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Sufism: Meaning, Origin and Main Features of Sufism

The philosophy and practices of Sufism may very aptly be stated in the words of Dr. Tara Chand,

“Sufism is a religion of intense devotion; Love is its manifestation, poetry, music and dance are the instruments of its worship and attaining oneness with God is its ideal.”

In other words, it implies that the ideal before an individual should be to be one with God. For the attainment of this ideal, intense devotion for God is needed in the individual. Devotion is reflected in love. This love for the Almighty is expressed through three fold activities on the part of the individual i.e. poetry of love towards God, music of love towards God and dance of love towards God.

It is generally believed that Sufism is derived from two Arabic words i.e. ‘Saf’ and ‘Suf. The word ‘Saf means a carpet. Since the Sufis meditated upon God on a carpet, Sufism took its birth i.e. pure people who meditated on a carpet.

The word ‘Sufi’ derives its name from another Arabic word ‘Suf which means wool. The Muslim saints who wore garments of coarse wool began to be called Sufi saints. The first epoch of Sufism is said to have begun in the seventh century A.D.

Sufism entered India in the 12th century with Muslim invaders and became popular in the 13th century.

1. Sufism derives is inspiration from Islam. While the orthodox Muslims depend upon external conduct and blind observance of religious rituals, the Sufi saints seek inner purity.

2. According to Sufi saints, God is the beloved of the lover (‘Mashook”) i.e. the devotee and the devotee is eager to meet his beloved (God).

3. The Sufis think that love and devotion are the only means of reaching God.

4. Along with Prophet Muhammad, they also attach great importance to their ‘Murshid’ or ‘Pir’ (Guru).

5. Devotion is more important than fast (Roza) or prayer (Namaz)

6. Sufism does not believe in caste system.

7. Sufism emphasizes upon leading a simple life.

8. Sufi saints preached in Arabic, Persian and Urdu etc.

9. The Sufis were divided into 12 orders each under a mystic Sufi saint. Prominent Sufi Saints.

Khawja Moin-ud-Din Chisti (1143-1234 A.D.):

He came to India towards the close of the 12th century. Initially he stayed at Lahore. Then he moved to Delhi and finally settled at Ajmer. On account of his pious and simple life, people of different faiths looked upon him as their spiritual teacher.

He mixed freely with the lower classes of both Hindus and Muslims. He used to hold devotional musical gatherings. On account of his virtues of renunciation, meditation and selfless service, people from different parts of India came to his place at Ajmer.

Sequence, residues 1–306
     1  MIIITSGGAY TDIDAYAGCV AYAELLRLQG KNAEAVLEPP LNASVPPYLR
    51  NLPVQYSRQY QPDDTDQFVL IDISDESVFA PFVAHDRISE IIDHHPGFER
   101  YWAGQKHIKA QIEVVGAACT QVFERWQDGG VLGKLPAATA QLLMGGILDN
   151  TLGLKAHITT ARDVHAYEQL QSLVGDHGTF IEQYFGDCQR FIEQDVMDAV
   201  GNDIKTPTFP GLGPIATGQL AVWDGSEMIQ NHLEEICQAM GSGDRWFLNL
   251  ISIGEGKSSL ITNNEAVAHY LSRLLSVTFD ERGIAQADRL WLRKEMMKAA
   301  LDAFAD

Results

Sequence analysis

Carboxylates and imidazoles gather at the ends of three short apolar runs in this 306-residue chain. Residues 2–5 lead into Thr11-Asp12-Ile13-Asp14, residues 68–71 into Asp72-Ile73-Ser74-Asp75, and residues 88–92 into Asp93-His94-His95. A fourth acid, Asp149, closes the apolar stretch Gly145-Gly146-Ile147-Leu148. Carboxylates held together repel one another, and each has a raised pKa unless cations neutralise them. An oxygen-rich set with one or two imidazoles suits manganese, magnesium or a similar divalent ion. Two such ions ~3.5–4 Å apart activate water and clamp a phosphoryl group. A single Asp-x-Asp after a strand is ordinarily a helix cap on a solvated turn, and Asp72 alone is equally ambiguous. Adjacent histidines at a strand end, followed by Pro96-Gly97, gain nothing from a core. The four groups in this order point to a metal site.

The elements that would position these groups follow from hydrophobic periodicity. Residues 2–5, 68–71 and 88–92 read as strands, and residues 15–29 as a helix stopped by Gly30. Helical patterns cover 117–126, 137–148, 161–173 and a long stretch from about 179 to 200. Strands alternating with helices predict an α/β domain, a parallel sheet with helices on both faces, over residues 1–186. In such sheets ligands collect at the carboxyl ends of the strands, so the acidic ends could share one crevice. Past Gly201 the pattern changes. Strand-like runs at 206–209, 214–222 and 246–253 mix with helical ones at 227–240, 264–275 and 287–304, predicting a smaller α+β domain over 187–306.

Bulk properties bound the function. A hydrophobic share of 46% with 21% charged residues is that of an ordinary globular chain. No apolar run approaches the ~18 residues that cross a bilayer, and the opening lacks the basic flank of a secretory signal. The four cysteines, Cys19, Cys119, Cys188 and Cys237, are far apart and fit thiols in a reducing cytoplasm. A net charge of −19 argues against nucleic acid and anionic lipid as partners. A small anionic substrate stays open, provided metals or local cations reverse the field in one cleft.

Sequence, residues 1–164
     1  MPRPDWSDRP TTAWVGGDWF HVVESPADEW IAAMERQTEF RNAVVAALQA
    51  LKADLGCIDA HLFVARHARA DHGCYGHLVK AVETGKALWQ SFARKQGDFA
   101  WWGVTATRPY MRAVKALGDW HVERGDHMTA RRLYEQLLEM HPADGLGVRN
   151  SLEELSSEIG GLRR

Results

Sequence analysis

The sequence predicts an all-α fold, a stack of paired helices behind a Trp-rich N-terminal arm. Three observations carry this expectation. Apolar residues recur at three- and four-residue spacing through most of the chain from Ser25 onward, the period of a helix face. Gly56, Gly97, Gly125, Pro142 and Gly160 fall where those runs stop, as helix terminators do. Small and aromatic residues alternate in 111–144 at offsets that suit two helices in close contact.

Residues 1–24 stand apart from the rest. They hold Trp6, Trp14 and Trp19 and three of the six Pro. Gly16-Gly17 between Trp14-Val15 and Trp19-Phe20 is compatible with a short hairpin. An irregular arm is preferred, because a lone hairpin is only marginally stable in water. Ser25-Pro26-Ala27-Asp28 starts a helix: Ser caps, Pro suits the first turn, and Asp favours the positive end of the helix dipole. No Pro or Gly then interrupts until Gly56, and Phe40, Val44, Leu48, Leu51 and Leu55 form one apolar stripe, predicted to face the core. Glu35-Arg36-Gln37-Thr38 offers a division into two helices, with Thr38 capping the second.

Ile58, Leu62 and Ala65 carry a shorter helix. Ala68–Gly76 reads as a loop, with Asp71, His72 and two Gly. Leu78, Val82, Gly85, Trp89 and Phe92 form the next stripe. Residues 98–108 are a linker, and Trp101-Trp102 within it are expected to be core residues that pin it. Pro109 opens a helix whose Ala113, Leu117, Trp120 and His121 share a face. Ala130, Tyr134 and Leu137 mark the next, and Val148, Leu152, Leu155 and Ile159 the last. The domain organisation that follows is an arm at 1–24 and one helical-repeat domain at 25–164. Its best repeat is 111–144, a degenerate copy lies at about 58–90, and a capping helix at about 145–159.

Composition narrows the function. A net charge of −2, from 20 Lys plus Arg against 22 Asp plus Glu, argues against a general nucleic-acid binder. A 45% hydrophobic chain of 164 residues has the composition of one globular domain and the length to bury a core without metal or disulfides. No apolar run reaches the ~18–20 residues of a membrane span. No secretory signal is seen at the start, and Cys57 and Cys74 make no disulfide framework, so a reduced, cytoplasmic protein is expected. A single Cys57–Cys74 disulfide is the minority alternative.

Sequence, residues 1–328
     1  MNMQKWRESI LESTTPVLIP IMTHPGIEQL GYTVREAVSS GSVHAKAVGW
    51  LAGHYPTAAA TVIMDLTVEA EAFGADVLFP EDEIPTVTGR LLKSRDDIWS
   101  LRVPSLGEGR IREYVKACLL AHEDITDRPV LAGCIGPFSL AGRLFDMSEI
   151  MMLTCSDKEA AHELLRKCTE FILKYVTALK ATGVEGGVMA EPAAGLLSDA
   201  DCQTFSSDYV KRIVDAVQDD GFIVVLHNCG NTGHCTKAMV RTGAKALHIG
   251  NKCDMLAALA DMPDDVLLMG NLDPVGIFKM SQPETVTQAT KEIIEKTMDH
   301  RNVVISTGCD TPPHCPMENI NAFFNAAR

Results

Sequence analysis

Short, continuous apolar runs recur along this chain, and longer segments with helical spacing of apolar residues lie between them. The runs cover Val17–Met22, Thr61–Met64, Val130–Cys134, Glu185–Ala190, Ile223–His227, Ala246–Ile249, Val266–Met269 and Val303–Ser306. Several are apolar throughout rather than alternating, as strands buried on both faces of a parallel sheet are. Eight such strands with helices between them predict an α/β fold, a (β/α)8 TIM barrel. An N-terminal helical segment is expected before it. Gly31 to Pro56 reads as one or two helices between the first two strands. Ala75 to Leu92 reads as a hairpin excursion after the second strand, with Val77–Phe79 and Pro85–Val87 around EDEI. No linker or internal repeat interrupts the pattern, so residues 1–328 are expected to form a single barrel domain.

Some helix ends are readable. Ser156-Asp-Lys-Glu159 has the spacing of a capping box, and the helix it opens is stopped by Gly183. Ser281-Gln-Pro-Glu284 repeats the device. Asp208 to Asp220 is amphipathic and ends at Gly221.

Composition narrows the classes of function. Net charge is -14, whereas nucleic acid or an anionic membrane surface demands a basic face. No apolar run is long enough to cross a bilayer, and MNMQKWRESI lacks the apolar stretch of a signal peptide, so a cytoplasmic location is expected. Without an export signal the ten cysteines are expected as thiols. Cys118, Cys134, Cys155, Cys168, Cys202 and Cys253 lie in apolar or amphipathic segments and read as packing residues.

His ‘dargah’ (tomb) at Ajmer (Ajmer Sharif) has become a place of pilgrimage for the Muslims as well as the Hindus. His devotees believe that by offering prayer at his tomb, their wishes (‘minit’) are fulfilled.

Baba Farid-ud-Din Ganj-i-Shakar (13th century):

His outlook was broad and humane. Some of his devotional verses are found in ‘Adi-Granth’ of the Sikhs. Thousands of his devotees visit his tomb at Faridkot in the Punjab.

Nizam-ud-Din Aulia (14th century):

He laid great stress on love as a means of the realization of God. He said, “O Muslims! I swear by God that he holds dear those who love Him for the sake of human beings and also those who love human beings for the sake of Him. This is the only way to love and adore Him.”

During his life time he was held in great esteem by several Sultans of Delhi as well as the general public.

He also used Hindi in his teachings.

His tomb at Nizam-ud-Din in Delhi has become a place of pilgrimage for both Muslims and Hindus.

Impact of Sufism:

Religions impact:

The efforts of Sufi saints helped to lessen religious fanaticism in India. Hindus in larger numbers became followers of Sufi saints. The tombs built after their death has continued to become places of worship for the Muslims as well as the Hindus. Their belief in unity of God helped to remove mutual differences.

Social Impact:

Their stress on social welfare led to the establishment of works of charitable nature i.e. opening of orphanages and women service centres. The efforts of Sufi saints helped to promote equality and lessen the evils of casteism. They also tried to infuse a spirit of piety and morality.

Political Impact:

Some of the renowned Sufi saints on account of their virtuous and saintly life motivated some of the Delhi Sultans to follow a liberal policy.

Cultural Impact:

The sacred places built in the memory of the Sufi saints clearly demonstrate the development of a new type of architecture. The Dargah’ of Khawaja Muin-ud-Din Chisti at Ajmer and the Tomb of Nizam-ud-Din Aulia at Delhi have a special place in architecture.

Sufi saints popularized devotional music and songs.

Several Sufi saints composed literary works in vernacular languages.

Amir Khusro, a disciple of Nizam-ud-Din Aulia, was a noted ‘guzzle’ writer. The poetry of Khusro was so full of sweetness that he was called ‘Tutiy-i-Hind. He is credited with more than 90 works on different subjects i.e. historical and romantic as well.

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